"http://www.apple.com/DTDs/PropertyList-1.0.dtd">
<plist version="1.0">
    <dict>
        <key>Label</key>
        <string>gpl.selfmade.noatime</string>
        <key>ProgramArguments</key>
        <array>
            <string>mount</string>
            <string>-vuwo</string>
            <string>noatime</string>
            <string>/</string>
        </array>
        <key>RunAtLoad</key>
        <true />
    </dict>
</plist>

Just to be sure:

sudo chown root:wheel /Library/LaunchDaemons/gpl.selfmade.noatime.plist

After rebooting a “mount” should show that the additional noatime-flag is now active.

RamFS

The most useful thing to me having 8GB of RAM is working on a RamFS and thus having low latency while developing/compiling (using a local GIT to not loose work on power outage is crucial here). This is what has to be done:

Create a Folder and a file both named RamFS and set access rights accordingly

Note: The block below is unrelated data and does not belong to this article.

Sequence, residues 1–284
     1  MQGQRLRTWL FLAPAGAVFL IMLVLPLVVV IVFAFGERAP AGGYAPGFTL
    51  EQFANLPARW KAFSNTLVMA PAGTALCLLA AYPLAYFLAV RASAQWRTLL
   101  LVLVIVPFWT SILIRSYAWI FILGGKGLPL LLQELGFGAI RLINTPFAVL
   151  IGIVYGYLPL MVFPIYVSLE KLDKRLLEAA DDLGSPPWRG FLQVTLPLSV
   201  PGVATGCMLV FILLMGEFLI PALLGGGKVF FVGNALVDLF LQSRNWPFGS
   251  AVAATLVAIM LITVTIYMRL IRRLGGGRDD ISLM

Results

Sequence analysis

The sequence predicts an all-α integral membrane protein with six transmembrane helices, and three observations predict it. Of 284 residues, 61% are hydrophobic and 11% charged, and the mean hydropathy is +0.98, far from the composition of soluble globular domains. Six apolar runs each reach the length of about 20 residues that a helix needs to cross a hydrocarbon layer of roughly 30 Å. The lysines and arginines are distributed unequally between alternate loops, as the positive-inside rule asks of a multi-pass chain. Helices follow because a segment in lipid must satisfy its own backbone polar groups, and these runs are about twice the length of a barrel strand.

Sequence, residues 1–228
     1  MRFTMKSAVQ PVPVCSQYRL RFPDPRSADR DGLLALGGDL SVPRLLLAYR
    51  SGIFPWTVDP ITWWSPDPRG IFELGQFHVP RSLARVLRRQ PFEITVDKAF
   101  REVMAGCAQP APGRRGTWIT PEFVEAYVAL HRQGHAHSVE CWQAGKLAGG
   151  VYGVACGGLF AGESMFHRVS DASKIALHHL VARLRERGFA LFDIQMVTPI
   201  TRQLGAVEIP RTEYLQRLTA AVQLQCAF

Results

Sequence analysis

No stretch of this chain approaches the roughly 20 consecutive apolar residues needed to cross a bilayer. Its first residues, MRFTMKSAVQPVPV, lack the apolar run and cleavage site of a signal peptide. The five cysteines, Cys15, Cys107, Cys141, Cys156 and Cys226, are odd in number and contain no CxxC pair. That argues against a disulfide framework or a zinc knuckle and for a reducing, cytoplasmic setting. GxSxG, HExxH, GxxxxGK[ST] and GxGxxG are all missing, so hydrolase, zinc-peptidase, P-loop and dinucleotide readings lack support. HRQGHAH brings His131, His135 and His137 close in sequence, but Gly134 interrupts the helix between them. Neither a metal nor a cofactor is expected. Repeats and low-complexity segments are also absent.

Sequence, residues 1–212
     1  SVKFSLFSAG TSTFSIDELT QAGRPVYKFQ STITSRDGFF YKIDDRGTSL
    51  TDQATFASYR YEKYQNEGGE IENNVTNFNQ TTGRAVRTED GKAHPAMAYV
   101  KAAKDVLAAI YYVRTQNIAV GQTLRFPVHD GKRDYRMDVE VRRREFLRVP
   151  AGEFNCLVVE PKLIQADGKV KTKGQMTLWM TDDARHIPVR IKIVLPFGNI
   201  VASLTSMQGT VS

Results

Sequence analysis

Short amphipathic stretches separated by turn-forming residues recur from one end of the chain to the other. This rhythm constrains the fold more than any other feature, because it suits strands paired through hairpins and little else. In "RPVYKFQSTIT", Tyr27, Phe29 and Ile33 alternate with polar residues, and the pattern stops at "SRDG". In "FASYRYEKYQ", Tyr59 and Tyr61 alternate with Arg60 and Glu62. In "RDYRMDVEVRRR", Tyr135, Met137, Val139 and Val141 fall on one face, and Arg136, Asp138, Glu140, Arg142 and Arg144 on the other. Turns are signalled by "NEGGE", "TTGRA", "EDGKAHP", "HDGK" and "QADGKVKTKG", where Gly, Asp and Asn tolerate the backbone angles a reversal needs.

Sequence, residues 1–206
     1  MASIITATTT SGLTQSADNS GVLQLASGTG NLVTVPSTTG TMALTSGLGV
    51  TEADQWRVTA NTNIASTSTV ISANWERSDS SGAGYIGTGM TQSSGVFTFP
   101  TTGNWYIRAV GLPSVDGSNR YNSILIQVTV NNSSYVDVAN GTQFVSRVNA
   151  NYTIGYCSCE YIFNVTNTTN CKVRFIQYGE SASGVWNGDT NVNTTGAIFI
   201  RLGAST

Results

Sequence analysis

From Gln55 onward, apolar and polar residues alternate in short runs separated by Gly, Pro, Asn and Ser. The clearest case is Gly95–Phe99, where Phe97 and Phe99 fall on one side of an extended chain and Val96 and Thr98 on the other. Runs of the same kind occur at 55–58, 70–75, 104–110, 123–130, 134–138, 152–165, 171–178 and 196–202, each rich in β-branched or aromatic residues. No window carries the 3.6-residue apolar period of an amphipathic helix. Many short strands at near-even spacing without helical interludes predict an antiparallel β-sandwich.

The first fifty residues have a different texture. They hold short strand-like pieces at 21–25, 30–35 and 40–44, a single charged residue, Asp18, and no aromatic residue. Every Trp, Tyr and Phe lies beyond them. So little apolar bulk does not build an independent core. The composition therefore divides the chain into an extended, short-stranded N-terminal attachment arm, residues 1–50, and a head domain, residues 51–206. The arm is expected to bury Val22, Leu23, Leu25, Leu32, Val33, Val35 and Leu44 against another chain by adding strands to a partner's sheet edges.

cd /System/Library/StartupItems
mkdir RamFS
sudo chown -R root:wheel RamFS
sudo chmod -R u+rwX,g+rX,o+rX RamFS
cd RamFS
touch RamFS
sudo chmod u+x,g+x,o+x RamFS

This is my actual version of the RamFS script:

#!/bin/sh
# Create a RAM disk with same perms as mountpoint
 
RAMDisk() {
    mntpt=$1
    rdsize=$(($2*1024*1024/512))
    echo "Creating RamFS for $mntpt of size $rdsize 512byte blocks"
    # Create the RAM disk.
    #dev=`hdik -drivekey system-image=yes -nomount ram://$rdsize`
    dev=`hdid -nomount ram://${rdsize}`
    # Successfull creation...
    if [ $? -eq 0 ] ; then
        # Create HFS on the RAM volume.
        newfs_hfs $dev